The Bordeaux VLBI Image Database (BVID) contains VLBI images of thousands of sources.  The sources in the BVID are mostly very bright objects used in the International Celestial Reference Frame (ICRF).  Like the RFC, the BVID gives users access to historical information on the sources.  Users can look for morphological changes, as well as flux density variability.  Users can search the BVID by source name, source coordinates, observation date, and several other criteria (see the "MULTI-CRITERIA" tab on the BVID search page).

 

The Legacy VLBA Calibrator Search Tool

The legacy VLBA Calibrator Search Tool will receive limited support beginning August 15, 2022.  The legacy tool will be retired January 01, 2023.  Users who notice any missing functionality in the new search tool that was present in the legacy tool are encouraged to report this via the NRAO helpdesk using the "VLBA Calibrator Search Tool Feedback" department.

 


 

Tips for Selecting Calibrator Sources

VLBA users will often need to observe several different calibration sources throughout the course of an observation.  Here are some tips on choosing the optimal calibrator for each purpose.

 

Phase Reference Calibrators

Phase reference calibrators should be as close to the science target as possible.  The typical recommendation is that a phase reference calibrator should be within 5.7 degrees of the science target.  However, this is highly dependent on the observing band and the elevation of the science target.  Observations at frequencies lower than 4 GHz should use phase reference calibrators that are no more than 4 degrees from the science target.  If the science target will be at lower elevations (less than ~30 degrees) for a significant portion of the observation, the phase reference calibrator should be closer than the nominally recommended separation.  In general, users should pick the closest phase reference calibrator that is bright enough for their observation.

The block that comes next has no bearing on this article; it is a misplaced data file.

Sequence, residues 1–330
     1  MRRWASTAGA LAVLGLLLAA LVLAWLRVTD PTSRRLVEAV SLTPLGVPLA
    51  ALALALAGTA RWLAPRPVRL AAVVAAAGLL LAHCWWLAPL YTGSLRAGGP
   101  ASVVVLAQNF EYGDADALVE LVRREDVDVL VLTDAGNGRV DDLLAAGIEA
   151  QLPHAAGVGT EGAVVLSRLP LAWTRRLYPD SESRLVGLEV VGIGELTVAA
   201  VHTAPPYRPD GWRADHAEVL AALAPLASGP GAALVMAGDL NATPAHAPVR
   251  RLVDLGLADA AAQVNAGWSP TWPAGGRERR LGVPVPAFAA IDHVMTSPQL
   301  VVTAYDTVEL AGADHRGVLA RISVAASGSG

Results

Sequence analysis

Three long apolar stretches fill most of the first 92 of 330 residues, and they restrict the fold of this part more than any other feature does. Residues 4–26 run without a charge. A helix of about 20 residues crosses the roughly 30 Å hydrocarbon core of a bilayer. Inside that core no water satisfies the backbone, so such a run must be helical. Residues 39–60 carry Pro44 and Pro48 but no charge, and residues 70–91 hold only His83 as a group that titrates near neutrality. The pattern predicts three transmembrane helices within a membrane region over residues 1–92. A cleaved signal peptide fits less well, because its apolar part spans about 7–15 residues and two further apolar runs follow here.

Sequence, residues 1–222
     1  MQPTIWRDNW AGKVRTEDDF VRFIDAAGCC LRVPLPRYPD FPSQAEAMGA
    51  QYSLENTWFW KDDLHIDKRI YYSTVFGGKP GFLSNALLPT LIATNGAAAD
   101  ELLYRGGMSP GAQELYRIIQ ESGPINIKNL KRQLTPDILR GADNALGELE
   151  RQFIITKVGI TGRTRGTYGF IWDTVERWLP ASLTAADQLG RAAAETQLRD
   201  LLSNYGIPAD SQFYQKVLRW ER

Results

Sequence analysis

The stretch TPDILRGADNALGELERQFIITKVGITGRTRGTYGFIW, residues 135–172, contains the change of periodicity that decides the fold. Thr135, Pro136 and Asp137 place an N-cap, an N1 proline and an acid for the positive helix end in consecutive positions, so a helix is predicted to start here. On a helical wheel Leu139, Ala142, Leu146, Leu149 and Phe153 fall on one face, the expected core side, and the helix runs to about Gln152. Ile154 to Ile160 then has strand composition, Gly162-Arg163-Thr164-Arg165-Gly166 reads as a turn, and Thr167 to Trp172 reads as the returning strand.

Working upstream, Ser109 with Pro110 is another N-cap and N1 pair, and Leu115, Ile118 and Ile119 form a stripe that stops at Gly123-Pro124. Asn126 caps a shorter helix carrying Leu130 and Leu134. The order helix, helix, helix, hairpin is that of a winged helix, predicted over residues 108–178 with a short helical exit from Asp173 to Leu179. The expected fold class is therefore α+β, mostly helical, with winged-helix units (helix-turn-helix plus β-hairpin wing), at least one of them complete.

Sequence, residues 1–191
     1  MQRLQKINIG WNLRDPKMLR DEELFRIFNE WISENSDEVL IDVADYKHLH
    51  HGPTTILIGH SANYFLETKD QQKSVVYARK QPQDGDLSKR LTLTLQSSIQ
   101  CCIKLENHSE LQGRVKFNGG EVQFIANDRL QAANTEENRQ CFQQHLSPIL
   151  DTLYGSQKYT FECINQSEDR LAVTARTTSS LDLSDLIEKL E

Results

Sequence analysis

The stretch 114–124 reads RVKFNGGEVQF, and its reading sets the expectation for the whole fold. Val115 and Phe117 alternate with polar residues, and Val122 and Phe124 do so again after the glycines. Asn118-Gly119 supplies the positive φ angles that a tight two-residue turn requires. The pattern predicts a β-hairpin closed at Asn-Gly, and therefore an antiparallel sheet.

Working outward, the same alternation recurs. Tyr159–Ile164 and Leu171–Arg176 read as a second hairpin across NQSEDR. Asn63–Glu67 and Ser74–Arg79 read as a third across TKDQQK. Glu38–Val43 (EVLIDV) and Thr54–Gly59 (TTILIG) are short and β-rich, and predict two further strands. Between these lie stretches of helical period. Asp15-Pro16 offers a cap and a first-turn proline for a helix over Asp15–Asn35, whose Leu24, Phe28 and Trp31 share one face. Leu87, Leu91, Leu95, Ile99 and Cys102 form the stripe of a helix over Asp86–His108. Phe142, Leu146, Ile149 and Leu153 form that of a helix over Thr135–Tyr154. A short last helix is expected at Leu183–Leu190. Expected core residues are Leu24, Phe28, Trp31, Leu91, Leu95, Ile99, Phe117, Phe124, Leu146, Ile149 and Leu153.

For more details on choosing a phase reference calibrator and building a phase-referenced observing schedule, see the Guide to Observing with the VLBA - Calibration Strategies.

 

Fringe Finder Calibrators

Fringe finders should be very bright (>1 Jy) on all baselines.  In general, a compact (point-like) source is preferred.  However, sources with significant structure (e.g., jets) can be used as long as there is sufficient flux on all baselines.

The NRAO maintains a list of recommended fringe finders, but the VLBA Calibrator Search Tool can also be used to identify other sources that may work better for a specific observation.  To search for candidate fringe finders, set the minimum flux density to 1 Jy (or larger), select the observing band (if desired), and set the search radius to a large value (20 degrees will often be large enough, but larger values will return more options).

For more information on identifying a good fringe finder and including fringe finder scans in an observing schedule, see the Guide to Observing with the VLBA - Calibration Strategies.

 

Bandpass Calibrators

Bandpass calibrators should be very bright (>1 Jy) on all baselines.  This ensures that there is sufficient signal-to-noise to correct for the shape of the bandpass during calibration.  For many users, the bandpass calibrator and the fringe finder will be the same source.  For more information about picking a good bandpass calibrator and including bandpass calibration scans in an observing schedule, see the Guide to Observing with the VLBA - Calibration Strategies.

 

Requesting Observing Time to Identify Calibrators

As part of the proposal process, users may request extra observing time to identify a suitable calibrator.  On the Technical Justification, there is a section that says:
"Note whether the target(s) can be self-calibrated and estimate their flux density. If phase-referencing is required, specify the phase-reference calibrators to be used and their expected flux densities, or whether extra time (on the VLBA or VLA) will be required to find calibrators:"
(Emphasis added.)

Additionally, users can contact VLBA staff via the NRAO helpdesk at any time to request short observations of candidate calibrator sources.

Users can request a small amount of time to get snapshots of a few candidate calibrators.  Projects with a small number of science targets should be able to identify the necessary calibrators with ~1 hour of observing time.  More complicated projects (e.g., many sources across the sky) may need more time.  Nearly all of the VLBA calibrator sources are known to be variable at some level, and verifying that a candidate is bright and compact enough to use for a specific project prior to the full observation is always advantageous.  It is especially important to check the candidate calibrators when previous observations at the project's observing band are not available (e.g., L-band).